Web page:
Here’s a fun fact. In the good old days, kings had servants known as the “Groom of the Stool”. Part of the servant’s responsibilities was to monitor the king’s health by observing his bowel movements. Much like the Groom of the Stool, you can also observe the consistency, shape, and color of your dog’s stool to identify potential health issues and concerns.

The following chart provides a quick summary of the different types of dog poop and what each may suggest about your dog’s health.

Yellow or Orange Dog Poop

Yellow or orange dog stools may indicate that the food is passing too quickly through the dog’s entire gastrointestinal tract. The time it takes for food to pass is referred to as the GI transit time.

A quick GI transit time doesn’t give the intestinal tract enough time to reabsorb some of the fluid from the feces. That’s why you often see yellow or orange dog poop appear in the form of diarrhea.

Yellow or orange dog poop could be caused by an infection or irritation in the dog’s intestines, giardia (an intestinal parasite), and the consumption of non-food items.

White Dog Poop

White dog stools may indicate there’s too much calcium in your dog’s diet. This is more common among dogs that are fed a raw diet (e.g. their meal includes a good mix of grounded bones). While there are certain benefits to feeding your dog a raw diet, too much of it may lead to constipation.

There are two things you can do if your dog is suffering from constipation. One is to pick a raw food meal that has a lower calcium concentration. The other is to integrate food like pumpkin in the dog’s diet. The high fiber content of pumpkins could help soften the stool.

Dog Poop with White Specks

Dog stools with white specks or white polka dots may indicate a more serious health issue. It may indicate the presence of parasites (such as tapeworm) in your dog’s intestinal system. The white specks could be the remains of an adult parasite’s segment.

You should get your dog checked immediately by the vet if you start to notice white specks in the dog stool, especially if the dog shows other concerning symptoms like a change in appetite or vomiting.

Dark Brown or Black Dog Poop

Healthy dog poop has a chocolate brown color. Anything darker may suggest the presence of blood in the stool. You would think that the stool would have a red color if it does contain blood but that isn’t always the case. When blood is digested, the iron in the blood gets oxygenated and turns a black, tarry color.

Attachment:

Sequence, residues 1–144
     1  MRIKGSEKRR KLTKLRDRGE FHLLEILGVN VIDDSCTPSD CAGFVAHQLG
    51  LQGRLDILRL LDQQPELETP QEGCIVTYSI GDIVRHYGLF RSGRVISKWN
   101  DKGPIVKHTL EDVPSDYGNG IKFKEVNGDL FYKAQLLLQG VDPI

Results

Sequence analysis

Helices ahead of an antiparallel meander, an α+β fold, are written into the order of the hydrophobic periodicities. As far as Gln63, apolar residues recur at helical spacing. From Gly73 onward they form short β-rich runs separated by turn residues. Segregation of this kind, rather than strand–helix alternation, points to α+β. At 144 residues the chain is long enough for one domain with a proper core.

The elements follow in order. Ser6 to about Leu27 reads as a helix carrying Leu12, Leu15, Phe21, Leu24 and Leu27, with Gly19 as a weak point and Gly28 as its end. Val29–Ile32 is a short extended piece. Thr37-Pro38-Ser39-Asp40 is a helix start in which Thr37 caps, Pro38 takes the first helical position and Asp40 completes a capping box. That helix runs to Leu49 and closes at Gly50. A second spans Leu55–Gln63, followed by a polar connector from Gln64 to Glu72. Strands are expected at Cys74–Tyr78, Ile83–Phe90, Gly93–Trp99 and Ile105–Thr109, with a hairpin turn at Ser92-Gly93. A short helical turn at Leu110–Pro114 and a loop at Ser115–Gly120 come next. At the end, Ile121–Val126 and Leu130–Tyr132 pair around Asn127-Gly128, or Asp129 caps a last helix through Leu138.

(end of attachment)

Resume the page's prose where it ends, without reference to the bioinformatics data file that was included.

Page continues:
Blood can get into the stool due to a number of reasons. Common causes include the ingestion of blood, internal bleeding, and the development of hemorrhagic disease.

Red Dog Poop

Like black feces, red dog poop would also suggest the presence of blood. The consistency of the poop could provide a hint of where exactly the blood is coming from.

For example, dog stools would a normal consistency and shape, but with a red coating, may indicate there’s some form of bleeding lower down in the intestinal tract.

Red poop in the form of diarrhea, on the other hand, may suggest the bleeding is coming from somewhere higher up in the intestinal tract.

Grey Dog Poop

A grey dog stool may indicate a bile duct or pancreatic problem. Poop gets its brown color from a digestive fluid called bile. If the bile duct gets blocked or if the liver gets infected then that may cause the dog poop to have a clay-like color.

Green Dog Poop

Green poop isn’t always a cause for major concern. It could be a result of a dog eating too much grass or leafy greens. Some of the chlorophyll, the green pigment, from the grass will pass through the digestive system and give the feces the green color.

If your dog hasn’t been consuming a lot of grass then the green stool could indicate a more serious problem. It could indicate the presence of a parasite like giardia, the ingestion of harmful chemicals or toxins, or it could indicate that there’s too much fat in your dog’s diet.

Unless your dog is showing other concerning symptoms, you may want to wait another day to see if the dog poop goes back to normal. Otherwise, take your dog to the vet immediately and get him checked up for potential health problems.

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